Because the name Audi itself doesn’t have an actual meaning, Ao Di is a phonetic match only (route 1) was chosen for the German brand name in China. The sound of the name alone is what makes Audi instantly recognisable, and it is a brand that relies on its high profile advertising and word of mouth.
So where the phonetic translation is near perfect, on the downside, neither of those characters conveys anything meaningful to the Chinese ear.
Adidas also took route 1 for a phonetic match to brand its name in China.
Their entry into China was not without challenge – the brand recently won a 5-year trademark dispute with well established “copycat” Chinese brand called Adivon whose branding is strikingly similar not just in name, but also in logo.
Adivon was originally founded in 2006 in China’s Fujian province, birthplace to many copycat brands. A low-end sportswear manufacturer, it tried to become the Adidas of China by appealing to lower budget customers:
Adivon’s Chinese name transliterates as A Di Wang and Adidas’s Chinese name transliterates similarly as A Di Da Si.
But with the court ruling, it looks like Adivon will have to reconsider its own tagline “Everything can change”…
Chinese name: 耐克
Transliteration: Nai Ke
Meaning: ’Endure and conquer’
Nike opted for a clever dual match of sound and meaning (route 3). Nai Ke is a very close phonetic match in name with a wholly appropriate meaning that fits the Nike brand identity and its unmistakable swoosh (no translation required).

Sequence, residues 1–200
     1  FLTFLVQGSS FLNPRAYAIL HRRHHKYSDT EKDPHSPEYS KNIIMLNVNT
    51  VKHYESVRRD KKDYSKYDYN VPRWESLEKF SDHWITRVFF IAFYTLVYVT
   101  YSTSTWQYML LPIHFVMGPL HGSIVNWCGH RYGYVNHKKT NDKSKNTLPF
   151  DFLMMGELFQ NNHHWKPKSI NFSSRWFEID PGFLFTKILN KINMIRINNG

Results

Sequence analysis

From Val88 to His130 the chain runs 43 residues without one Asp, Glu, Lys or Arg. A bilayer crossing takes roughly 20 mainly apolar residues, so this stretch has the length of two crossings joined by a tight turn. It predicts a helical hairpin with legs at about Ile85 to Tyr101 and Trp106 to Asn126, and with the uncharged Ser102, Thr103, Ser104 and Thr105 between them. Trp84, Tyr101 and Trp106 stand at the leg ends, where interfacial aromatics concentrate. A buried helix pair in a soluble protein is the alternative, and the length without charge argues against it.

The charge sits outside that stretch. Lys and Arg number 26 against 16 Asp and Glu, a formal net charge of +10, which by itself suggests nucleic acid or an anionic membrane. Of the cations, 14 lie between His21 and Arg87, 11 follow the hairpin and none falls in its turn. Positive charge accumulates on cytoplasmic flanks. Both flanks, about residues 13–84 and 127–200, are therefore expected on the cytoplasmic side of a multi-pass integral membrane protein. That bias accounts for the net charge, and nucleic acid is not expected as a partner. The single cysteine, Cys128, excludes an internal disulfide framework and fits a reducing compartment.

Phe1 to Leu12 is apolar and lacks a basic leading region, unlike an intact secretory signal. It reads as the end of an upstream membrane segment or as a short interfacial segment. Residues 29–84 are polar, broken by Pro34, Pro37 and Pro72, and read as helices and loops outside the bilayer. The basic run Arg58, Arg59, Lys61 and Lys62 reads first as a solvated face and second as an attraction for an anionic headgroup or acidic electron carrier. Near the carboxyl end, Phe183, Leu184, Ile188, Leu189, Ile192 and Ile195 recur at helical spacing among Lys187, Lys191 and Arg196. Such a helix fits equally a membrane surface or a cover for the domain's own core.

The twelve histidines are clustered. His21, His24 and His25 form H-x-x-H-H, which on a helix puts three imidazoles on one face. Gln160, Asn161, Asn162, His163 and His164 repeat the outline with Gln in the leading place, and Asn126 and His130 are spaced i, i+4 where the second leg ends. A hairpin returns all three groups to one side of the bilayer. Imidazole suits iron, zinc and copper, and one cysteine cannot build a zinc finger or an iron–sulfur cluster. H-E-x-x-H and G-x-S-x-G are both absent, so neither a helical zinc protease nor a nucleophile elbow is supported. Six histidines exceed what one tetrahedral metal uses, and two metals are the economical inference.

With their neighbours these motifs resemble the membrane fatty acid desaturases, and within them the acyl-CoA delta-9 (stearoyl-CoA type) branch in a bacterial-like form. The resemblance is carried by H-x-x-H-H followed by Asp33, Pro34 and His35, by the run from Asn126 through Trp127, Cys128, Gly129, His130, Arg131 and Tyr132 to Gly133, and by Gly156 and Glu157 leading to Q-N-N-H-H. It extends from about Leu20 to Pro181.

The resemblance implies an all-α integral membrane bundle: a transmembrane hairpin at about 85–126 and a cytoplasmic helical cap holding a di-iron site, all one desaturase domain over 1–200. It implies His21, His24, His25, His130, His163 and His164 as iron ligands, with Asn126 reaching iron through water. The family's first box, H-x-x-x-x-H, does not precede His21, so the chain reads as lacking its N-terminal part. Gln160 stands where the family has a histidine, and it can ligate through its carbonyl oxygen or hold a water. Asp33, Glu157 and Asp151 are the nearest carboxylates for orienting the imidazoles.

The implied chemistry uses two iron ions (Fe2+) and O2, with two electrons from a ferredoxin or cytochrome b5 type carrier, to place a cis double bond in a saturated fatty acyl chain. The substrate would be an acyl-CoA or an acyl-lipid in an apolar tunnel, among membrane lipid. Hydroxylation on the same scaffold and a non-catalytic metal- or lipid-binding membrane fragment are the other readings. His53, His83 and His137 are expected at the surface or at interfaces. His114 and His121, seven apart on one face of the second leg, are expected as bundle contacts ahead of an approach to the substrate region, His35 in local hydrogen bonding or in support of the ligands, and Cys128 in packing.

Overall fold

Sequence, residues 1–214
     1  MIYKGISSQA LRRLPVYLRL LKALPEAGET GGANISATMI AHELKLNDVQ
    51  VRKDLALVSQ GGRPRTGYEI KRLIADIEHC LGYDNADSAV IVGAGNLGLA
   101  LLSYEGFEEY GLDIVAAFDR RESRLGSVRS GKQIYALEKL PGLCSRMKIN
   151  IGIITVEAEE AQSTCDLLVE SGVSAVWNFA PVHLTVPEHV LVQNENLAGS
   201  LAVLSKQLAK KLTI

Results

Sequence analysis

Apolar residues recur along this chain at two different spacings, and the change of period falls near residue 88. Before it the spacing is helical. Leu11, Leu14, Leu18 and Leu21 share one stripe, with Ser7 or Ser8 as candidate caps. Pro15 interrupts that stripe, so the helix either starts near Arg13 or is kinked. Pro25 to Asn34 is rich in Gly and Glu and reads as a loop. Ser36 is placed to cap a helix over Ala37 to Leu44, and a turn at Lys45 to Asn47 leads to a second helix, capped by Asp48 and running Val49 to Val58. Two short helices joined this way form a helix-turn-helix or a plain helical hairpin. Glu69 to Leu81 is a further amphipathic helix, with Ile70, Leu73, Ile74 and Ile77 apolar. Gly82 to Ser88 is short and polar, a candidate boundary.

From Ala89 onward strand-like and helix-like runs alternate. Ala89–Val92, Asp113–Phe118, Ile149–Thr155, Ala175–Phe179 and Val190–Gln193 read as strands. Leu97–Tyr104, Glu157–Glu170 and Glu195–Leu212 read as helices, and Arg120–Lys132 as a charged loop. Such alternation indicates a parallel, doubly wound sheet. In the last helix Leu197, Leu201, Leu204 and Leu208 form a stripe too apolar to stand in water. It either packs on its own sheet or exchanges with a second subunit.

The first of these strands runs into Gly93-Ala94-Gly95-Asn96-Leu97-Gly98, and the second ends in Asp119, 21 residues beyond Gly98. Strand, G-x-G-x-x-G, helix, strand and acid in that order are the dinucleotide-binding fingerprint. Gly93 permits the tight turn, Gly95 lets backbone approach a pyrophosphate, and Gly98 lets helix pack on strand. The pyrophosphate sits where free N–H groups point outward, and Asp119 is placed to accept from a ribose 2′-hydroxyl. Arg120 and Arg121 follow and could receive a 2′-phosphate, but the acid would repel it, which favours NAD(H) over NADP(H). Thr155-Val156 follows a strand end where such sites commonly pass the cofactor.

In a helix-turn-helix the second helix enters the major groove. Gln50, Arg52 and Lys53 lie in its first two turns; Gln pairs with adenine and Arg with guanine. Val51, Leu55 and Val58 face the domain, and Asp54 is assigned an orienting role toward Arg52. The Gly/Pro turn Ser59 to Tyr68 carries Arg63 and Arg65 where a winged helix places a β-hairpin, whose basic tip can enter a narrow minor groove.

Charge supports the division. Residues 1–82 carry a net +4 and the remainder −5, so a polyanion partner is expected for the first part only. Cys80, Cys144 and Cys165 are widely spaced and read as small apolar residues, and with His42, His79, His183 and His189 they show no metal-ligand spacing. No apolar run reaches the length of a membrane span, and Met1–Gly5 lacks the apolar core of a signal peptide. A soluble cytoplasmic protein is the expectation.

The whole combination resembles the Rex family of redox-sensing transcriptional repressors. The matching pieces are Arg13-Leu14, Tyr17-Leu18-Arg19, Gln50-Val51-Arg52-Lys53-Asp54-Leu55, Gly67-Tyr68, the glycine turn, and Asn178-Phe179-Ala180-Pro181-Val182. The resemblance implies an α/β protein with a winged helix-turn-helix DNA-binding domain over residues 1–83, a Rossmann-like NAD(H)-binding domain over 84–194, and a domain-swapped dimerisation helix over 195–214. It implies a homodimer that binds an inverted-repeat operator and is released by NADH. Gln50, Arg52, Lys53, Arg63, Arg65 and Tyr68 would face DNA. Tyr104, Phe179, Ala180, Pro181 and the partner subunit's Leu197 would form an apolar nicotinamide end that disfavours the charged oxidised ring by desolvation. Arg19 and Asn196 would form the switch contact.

Click here to see where Nike famously “got their toes burned” in another language, underlining the need for thorough linguistic brand name research in all your markets.
Chinese name: 嘉士伯
Transliteration: Mainland China: Jia Shi Bo
Hong Kong: Ga See Ba
Meaning: Phonetic match only
Carlsberg was one of the first international brewers to export beer to China in the mid 1900’s and achieved early fame in the ancient empire for what was regarded as its special “wine” served in Chinese bars. The company officially began its business in Greater China in 1978 and inaugurated the Hong Kong’s Carlsberg Brewery 1981, which became the base for Carlsberg’s expansion into mainland China.
The brand opted for route 1 and created a Chinese name that phonetically matches their existing brand. But because the beer’s Chinese name was originally designed to appeal to the Hong Kong market, its Cantonese transliteration Ga See Ba is a closer phonetic match to the brand name than its Mandarin transliteration in Mainland China: Jia Shi Bo.
Chinese name: 喜力
Transliteration: Xi Li
Meaning: ’Happiness power’
Heineken took the lesser travelled route 4 (zero adaptation) to arrive at a Chinese name that is entirely unrelated, phonetically and semantically, to the original brand name. But in so doing they have succeeded in creating and truly localising the brand in China, while attaching the feel-good qualities of “happiness” and “power” conveyed by the two characters which transliterate as Xi Li.
Etymax is a leading London–based translation service provider offering professional brand name research & consultancy to companies wishing to enter new global markets, including China.
In addition to suitability of brand name, we advise on suitability of logo design and colour. This research forms an invaluable part of the process in the selection of a brand name that will work well across the global arena.
Contact us for more information.